I’ve relentlessly shared enthusiasm for the idea of Alfonso Cuaron‘s Roma, which will almost certainly debut at the Venice and Telluride festivals, or about ten weeks hence. (As well as Toronto in mid-September.)

Roma is Cuaron’s first film since Gravity, which debuted six years ago. The only 2018 film that even begins to sound like serious Best Picture rocket fuel, as in allegedly “beyond great” (i.e., a second-hand quote from a publicist who saw it). A Spanish-language film, yes, and digitally shot in radiant black-and-white. A year in the life of a middle-class family in Mexico City in the early 1970s, more specifically about the Corpus Christi Massacre of 6.10.71.

Team Roma will launch a balls-out, take-no-prisoners Best Picture campaign, as well as (I’m hearing) a Best Supporting Actress campaign for Marina De Tavira, a 44 year-old actress who apparently plays the maternal heart and soul of said middle-class family.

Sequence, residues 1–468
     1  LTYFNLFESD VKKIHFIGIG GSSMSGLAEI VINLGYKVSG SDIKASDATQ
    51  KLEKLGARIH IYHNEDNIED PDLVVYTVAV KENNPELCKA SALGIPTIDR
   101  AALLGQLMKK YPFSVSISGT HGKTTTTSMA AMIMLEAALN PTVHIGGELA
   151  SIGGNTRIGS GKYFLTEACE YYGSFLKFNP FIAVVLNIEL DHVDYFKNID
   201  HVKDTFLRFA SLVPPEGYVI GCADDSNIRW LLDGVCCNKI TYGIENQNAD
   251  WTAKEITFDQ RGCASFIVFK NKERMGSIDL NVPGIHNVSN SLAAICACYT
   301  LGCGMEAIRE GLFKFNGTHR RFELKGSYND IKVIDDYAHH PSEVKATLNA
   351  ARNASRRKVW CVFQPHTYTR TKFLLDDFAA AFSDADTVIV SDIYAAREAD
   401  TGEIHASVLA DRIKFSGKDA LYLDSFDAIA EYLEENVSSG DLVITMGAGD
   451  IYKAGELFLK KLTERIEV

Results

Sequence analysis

Will the Netflix factor (i.e., the company’s reluctance to commit to a serious theatrical exposure prior to streaming) get in the way? Ask the Mudbound people who managed four Oscar noms last year (Best Supporting Actress, Best Adapted Screenplay, Best Cinematography, Best Song). So probably not.

What about the foreign-language factor? Michael Haneke‘s Amour was Best Picture nominated six years ago so why not Roma? I’m presuming that, like Amour, Roma will aim for simultaneous Best Picture and Best Foreign Language Feature noms.